In a nutshell
This study aimed to investigate the relationship between patient age and active surveillance outcomes in prostate cancer (PC).
This study concluded that younger patients undergoing AS were less likely to see an increased Gleason score and progression.
Early stage PC that has not yet spread is often not treated initially. Active surveillance (AS) is a method that can be used to monitor PC. AS involves prostate specific antigen (PSA) blood tests, biopsies and digital rectal examinations. PSA is a protein found elevated in PC patients. Biopsies involve removing a prostate tissue sample and digital rectal examinations involve monitoring the size of the prostate gland.
By using AS, the onset of treatment can be delayed and unnecessary treatment avoided. The use of AS in PC patients is increasing. Whether or not AS is effective in early stage PC in younger men, and if age is linked to outcome, is unknown.
Methods & findings
This study involved 1433 men with PC undergoing AS. Patients were monitored for an average of 49 months. 42% of these men were aged 60 or under (younger group) and the remaining 58% were aged over 60 (older group).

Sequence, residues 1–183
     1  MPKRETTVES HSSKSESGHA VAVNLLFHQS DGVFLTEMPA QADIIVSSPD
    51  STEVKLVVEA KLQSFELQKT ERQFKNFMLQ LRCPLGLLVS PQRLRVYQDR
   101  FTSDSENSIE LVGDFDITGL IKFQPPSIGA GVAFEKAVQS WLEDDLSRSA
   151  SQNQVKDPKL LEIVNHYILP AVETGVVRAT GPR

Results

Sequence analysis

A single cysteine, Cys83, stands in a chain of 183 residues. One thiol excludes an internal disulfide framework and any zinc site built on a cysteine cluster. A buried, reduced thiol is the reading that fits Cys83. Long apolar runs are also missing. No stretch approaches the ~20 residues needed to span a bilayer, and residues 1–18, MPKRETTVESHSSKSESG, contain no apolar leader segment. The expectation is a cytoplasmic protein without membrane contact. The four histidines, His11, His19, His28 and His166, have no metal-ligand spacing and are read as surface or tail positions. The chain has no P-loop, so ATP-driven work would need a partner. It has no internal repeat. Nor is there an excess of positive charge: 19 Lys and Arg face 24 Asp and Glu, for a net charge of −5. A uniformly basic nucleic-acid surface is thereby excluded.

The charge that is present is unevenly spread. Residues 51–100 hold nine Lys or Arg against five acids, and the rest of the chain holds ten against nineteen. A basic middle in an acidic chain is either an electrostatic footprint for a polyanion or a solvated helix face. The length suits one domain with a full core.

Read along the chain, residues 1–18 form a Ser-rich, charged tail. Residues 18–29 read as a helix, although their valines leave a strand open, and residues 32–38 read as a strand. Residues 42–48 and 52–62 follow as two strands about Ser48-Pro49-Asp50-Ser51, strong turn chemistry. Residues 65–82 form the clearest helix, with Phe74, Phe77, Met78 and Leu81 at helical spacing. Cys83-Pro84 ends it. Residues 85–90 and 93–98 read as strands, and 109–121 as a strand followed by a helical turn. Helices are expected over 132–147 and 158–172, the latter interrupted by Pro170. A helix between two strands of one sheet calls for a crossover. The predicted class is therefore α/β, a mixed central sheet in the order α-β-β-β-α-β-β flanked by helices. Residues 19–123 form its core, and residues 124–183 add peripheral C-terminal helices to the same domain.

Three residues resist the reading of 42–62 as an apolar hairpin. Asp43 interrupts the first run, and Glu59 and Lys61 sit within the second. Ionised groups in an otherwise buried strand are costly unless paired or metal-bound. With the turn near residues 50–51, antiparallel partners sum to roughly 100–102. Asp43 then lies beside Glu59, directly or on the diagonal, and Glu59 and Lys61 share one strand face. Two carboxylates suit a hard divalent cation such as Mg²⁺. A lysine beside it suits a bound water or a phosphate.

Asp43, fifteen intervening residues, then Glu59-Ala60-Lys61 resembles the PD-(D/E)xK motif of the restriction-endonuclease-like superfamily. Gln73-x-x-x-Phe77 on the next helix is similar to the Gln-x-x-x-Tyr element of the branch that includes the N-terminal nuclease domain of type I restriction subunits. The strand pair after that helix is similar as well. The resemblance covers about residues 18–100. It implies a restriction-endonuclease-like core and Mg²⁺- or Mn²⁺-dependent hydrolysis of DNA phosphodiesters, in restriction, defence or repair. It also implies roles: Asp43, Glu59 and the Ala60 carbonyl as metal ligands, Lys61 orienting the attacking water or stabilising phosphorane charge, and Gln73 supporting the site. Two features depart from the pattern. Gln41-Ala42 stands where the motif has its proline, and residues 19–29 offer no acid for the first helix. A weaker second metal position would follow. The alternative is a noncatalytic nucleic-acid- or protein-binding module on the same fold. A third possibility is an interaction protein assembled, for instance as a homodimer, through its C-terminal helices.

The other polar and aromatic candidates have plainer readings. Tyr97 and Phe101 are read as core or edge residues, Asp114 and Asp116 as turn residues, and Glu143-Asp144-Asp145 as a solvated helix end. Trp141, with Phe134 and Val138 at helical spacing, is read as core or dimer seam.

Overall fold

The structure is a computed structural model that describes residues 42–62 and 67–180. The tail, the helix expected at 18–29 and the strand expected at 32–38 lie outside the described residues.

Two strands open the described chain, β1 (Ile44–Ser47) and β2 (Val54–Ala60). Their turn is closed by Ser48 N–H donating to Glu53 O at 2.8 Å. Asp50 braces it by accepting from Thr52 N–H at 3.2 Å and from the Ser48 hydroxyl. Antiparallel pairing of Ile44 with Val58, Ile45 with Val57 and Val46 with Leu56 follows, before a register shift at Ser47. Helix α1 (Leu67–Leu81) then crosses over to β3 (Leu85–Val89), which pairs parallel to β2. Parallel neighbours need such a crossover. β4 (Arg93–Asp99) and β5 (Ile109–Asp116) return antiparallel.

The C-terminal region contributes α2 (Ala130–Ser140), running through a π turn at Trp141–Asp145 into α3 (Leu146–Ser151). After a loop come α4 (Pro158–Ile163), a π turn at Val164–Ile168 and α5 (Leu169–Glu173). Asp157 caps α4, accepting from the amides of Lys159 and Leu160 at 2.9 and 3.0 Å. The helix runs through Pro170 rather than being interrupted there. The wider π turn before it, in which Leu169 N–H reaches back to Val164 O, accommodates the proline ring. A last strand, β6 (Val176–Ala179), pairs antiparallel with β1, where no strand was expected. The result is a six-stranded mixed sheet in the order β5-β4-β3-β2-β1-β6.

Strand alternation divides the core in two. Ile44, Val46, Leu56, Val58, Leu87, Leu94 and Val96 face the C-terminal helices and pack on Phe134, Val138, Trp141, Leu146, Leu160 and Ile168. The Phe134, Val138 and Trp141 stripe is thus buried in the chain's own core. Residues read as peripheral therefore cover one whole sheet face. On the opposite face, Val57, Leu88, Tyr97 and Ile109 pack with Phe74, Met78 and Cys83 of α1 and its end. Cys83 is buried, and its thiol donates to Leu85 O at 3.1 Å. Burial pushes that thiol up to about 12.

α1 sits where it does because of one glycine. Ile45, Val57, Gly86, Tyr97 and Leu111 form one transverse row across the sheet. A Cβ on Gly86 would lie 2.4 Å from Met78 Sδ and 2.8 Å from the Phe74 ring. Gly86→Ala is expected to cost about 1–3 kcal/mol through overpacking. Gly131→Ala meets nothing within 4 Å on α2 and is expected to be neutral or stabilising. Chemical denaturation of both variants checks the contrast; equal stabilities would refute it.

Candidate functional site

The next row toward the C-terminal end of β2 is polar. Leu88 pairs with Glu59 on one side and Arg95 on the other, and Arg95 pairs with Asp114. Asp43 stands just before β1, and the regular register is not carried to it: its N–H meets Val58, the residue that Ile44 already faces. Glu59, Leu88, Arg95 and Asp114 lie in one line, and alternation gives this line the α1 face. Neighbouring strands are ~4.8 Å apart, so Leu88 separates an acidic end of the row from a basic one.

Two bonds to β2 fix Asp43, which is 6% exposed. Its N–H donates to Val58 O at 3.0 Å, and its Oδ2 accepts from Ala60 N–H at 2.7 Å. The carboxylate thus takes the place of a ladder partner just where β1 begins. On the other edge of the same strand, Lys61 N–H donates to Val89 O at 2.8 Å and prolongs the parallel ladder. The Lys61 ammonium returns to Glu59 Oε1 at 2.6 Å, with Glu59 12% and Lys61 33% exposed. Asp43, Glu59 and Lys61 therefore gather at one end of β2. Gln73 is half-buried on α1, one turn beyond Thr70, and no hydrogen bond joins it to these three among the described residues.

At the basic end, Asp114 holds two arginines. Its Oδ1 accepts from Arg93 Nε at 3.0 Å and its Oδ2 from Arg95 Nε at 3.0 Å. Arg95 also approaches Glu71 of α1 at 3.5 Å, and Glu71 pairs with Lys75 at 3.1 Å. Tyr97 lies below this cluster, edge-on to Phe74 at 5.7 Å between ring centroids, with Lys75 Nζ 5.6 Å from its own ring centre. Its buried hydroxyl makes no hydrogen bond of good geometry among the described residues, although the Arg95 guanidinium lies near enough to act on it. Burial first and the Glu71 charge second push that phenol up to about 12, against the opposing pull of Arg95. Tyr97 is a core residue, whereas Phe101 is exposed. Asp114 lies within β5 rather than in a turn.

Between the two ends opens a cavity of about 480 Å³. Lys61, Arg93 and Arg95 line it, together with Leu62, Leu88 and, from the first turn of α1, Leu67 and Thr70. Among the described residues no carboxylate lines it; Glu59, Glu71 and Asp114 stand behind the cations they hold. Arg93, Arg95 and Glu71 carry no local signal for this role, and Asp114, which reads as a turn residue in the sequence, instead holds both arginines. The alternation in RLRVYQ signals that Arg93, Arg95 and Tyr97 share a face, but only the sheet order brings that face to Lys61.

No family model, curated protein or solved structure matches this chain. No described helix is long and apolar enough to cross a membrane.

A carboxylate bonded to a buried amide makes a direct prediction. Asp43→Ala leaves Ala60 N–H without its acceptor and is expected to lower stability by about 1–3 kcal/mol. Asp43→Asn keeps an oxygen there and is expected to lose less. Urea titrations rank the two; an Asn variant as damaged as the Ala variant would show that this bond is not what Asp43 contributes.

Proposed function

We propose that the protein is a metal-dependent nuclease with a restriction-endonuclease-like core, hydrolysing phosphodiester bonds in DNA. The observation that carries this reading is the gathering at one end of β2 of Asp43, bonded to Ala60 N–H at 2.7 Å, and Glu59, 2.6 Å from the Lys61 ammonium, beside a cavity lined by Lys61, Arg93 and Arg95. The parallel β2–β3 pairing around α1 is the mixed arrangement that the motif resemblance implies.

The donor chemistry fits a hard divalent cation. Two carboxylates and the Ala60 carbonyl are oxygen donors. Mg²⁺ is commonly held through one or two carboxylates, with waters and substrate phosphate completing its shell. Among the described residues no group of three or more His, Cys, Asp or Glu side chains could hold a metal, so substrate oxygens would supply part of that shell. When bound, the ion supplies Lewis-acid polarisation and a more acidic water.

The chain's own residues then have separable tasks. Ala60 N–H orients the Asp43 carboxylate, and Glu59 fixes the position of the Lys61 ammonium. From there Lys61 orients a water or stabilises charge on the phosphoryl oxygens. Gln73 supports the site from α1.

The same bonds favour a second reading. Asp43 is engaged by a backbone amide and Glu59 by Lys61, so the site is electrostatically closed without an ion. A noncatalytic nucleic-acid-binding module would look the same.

The Gleason score is a measure of the aggressiveness of the cancer cells removed during a biopsy. The 3-year Gleason score upgrade-free rate (no increase in Gleason score) was 73% for men in the younger group and 64% for men in the older group. The 5-year Gleason score upgrade-free rate was 55% for men in the younger group and 48% for men in the older group.
The risk of Gleason score upgrade decreased by 3% for every year younger than 60 at diagnosis. The risk of disease progression also decreased by 3% per year age at diagnosis.
The rates of definitive (first) treatment were similar in both age groups. However, there was an age-related difference in the type of definitive treatment. The younger age group received more radial prostatectomies (removal of prostate) than radiation therapy while the opposite was true for the older age group.
The bottom line
This study concluded that younger patients undergoing AS were less likely to see an increased Gleason score and progression. It was also found that younger and older patients had the same risk of definitive treatment but the types of treatment differed.
The fine print
There were several limitations to this study. More studies are needed to further support the findings.
Consult your physician about the option of active surveillance.
Published By :
Journal of clinical oncology
Mar 27, 2017
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